Communication is a very complex human activity. Using our speech mechanism, we convert thought into a series of sounds, syllables, and words whose meaning we agree upon. Depending on our relationship, the words might change. If I am the CEO, and you are an employee, I may use very formal speech. If we are friends and co-workers, I will be much more informal. The sounds enter your auditory system and are processed in your brain. You determine the meaning of the sounds and respond accordingly.

Sometimes there is a breakdown in communication. We husbands are endowed with the ability to articulate a clear message to our wives in precise words that cannot possibly be misunderstood. Unfortunately, our memories are somewhat faulty. A month or a year later, our wives (who are endowed with infallible memories) can quote what we said word for word.  Since we men cannot remember the conversation, let alone the exact words, all we can say is, “Well, maybe that’s what I said, but that is not what I meant.”

Dr. Charles Turner estimates that only eighty percent of our conversation is understood by the other person in the way we intend; and that is among speakers of the same language and culture! If that be true, imagine the potential for miscommunication when a missionary speaks to people in a new language and culture! And if he fails to communicate, his listeners will fail to understand the message of salvation!  Missionary Tom Gaudet said, “Communication is a wonderful thing—when it happens.”

As Christians, we all need to improve our communication skills; but the teacher or preacher especially needs to be sure that his words are understood in the way he intends. The burden is on him to insure that his congregation understands the message clearly. He must consider the age of the listeners, their education, and especially their spiritual level. Dr. Fred Schindler repeatedly told us ministerial students, “Put the cookies on the bottom shelf.” He wanted us to make the message clear enough for a child to understand. A missionary might say, “I gave those people the gospel, but they didn’t accept it. I did my part.” The question is not whether he gave them the gospel, but whether they understood it. If the people do not understand the message, the teacher has not yet communicated it. If I am trying to lead my son to Christ, I don’t tell him the gospel once and leave it at that. I listen and get feedback as he “preaches” what I have taught him to his little brother or to the family dog. I will probably hear some heresy. But I re-explain the message and use illustrations that he can relate to. I ask questions to see what he understands, and I do this as long as needed. In the same way, we must insure that the pagan understands the message; then the Holy Spirit can deal with his reluctance and resistance.

There is a great need today for good cross-cultural communicators. There are over seven billion people in the world, speaking nearly seven thousand languages. Very few have even heard the gospel, let alone understood it. We need missionaries; but we need missionaries that can communicate! A missionary must learn the new language. Speaking through a translator often results in miscommunication. Speaking the trade language instead of the heart language may result in miscommunication. Speaking with a strong accent will certainly be distracting and will increase the chances of miscommunication. The missionary must not only speak the new language, he must dig deep into the culture and know what the pagan man is thinking. The national already has a complete set of religious beliefs that to him are true. His father, grandfather, and great grandfather lived and died believing them. He is not going to discard them and accept something new just because some foreigner comes along and tells him he must. If he is quick to accept this new Christian doctrine, it may well be that he is only mixing it with his old belief. We call this syncretism. The pagan needs to see that his belief is wrong and that his god is false. He must turn from it (repent) and turn to the true God (believe). The missionary must patiently teach, explain, and illustrate the gospel message, making a clear contrast between the pagan’s belief and the true Way of God.  It is essential that I know where my son is in  his understanding of salvation before I lead him to make a decision. Likewise, the missionary must know what the national is thinking before he can expect him to believe unto salvation.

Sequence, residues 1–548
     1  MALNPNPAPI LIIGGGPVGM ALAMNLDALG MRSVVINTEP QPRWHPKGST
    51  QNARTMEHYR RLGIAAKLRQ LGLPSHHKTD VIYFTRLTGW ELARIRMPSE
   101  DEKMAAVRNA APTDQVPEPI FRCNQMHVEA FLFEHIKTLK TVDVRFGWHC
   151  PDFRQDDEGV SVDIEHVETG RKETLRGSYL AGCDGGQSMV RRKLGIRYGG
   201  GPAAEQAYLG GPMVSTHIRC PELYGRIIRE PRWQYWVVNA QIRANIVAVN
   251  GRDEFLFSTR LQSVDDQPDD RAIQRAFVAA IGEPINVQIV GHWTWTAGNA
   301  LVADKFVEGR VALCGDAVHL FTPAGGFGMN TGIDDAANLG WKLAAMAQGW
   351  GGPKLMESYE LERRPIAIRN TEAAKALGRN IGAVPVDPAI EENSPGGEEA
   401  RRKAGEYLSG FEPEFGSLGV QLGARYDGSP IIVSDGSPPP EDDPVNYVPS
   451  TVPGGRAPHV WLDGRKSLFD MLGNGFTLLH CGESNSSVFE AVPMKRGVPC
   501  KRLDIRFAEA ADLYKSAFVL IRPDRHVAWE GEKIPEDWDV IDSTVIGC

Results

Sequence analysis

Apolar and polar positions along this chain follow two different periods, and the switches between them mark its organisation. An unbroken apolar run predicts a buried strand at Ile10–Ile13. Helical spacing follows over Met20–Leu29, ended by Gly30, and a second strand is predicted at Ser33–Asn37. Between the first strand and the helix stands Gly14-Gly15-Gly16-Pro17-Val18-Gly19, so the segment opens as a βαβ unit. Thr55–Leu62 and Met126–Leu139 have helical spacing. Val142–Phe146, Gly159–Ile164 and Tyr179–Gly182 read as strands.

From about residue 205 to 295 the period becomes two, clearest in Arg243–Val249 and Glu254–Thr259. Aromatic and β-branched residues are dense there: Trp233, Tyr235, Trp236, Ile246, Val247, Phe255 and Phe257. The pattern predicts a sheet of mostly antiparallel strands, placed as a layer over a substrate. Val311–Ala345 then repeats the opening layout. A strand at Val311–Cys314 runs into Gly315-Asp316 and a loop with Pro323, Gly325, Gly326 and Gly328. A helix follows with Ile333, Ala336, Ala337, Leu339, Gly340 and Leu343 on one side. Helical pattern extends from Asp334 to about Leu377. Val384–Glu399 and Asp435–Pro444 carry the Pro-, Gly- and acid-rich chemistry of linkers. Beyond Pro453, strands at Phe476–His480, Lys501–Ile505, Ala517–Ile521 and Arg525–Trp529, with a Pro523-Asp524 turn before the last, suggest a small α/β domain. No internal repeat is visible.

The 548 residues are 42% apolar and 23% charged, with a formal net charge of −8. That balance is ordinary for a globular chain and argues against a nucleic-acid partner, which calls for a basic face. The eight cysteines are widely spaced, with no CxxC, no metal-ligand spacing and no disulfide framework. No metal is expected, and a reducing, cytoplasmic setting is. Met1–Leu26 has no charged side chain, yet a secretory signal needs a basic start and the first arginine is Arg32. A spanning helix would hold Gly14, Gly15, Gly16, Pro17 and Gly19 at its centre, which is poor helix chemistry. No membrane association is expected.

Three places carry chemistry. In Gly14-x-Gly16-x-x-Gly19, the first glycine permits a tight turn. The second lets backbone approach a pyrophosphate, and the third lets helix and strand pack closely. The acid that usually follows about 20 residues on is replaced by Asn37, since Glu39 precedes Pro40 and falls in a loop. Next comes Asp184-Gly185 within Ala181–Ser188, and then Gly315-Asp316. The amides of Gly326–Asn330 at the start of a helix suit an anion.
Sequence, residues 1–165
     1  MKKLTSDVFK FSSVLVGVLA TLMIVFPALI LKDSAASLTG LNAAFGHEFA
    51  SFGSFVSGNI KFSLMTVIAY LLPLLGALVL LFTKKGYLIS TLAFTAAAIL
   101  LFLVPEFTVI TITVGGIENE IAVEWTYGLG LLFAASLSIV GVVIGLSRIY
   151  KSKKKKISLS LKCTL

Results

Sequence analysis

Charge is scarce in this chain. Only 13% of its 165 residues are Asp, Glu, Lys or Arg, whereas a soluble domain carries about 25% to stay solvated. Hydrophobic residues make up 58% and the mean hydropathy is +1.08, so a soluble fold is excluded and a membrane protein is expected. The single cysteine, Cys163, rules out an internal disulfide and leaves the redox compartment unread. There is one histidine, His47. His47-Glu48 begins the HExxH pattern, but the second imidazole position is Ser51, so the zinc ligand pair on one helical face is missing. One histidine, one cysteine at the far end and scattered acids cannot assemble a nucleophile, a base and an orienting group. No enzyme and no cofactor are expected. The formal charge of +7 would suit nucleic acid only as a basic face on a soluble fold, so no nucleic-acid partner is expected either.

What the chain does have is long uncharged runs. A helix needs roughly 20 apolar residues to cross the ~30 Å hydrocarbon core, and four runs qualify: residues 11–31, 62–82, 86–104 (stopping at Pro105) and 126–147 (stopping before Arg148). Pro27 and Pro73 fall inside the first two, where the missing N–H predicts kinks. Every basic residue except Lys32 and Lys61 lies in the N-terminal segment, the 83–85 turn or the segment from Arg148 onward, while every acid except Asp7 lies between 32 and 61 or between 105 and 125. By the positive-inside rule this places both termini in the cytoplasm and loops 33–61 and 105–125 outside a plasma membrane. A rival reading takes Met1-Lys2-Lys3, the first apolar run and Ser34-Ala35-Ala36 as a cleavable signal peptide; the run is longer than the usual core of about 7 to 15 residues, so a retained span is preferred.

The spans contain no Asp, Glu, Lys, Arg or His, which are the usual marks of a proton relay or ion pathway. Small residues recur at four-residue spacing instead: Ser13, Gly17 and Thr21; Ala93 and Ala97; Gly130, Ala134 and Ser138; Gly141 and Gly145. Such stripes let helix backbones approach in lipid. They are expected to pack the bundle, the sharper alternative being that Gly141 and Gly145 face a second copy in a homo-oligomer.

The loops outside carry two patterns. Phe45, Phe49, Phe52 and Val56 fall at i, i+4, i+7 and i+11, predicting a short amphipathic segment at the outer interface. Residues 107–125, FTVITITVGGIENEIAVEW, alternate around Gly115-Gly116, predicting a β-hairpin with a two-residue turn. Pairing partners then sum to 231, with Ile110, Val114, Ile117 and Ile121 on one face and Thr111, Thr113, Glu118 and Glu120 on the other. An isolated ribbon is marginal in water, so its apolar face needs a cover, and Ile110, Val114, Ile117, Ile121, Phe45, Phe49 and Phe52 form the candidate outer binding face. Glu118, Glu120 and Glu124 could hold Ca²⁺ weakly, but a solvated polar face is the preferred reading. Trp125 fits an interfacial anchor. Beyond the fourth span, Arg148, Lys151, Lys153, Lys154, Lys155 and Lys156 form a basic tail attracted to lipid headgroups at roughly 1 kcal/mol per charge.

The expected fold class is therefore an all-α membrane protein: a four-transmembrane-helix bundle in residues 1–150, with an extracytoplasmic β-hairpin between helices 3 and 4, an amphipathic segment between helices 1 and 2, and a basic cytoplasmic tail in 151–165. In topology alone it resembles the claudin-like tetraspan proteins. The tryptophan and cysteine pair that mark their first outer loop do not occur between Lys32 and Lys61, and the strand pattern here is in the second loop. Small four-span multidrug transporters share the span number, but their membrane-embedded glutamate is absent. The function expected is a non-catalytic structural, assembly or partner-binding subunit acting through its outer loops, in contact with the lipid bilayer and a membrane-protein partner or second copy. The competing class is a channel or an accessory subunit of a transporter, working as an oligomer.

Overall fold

A missionary going to a new village is a foreigner preaching a foreign message. He distributes gospel tracts that come from a foreign-thinking mind and pen. This is not the most effective communication. Real communication requires the missionary to do his homework, linguistic and culture analysis. That is hard work, and he must prepare himself for it. Communication may also require Bible translation. Salvation and spiritual growth can happen, but there are seldom any shortcuts. Communication is indeed a wonderful thing; and we must make it happen!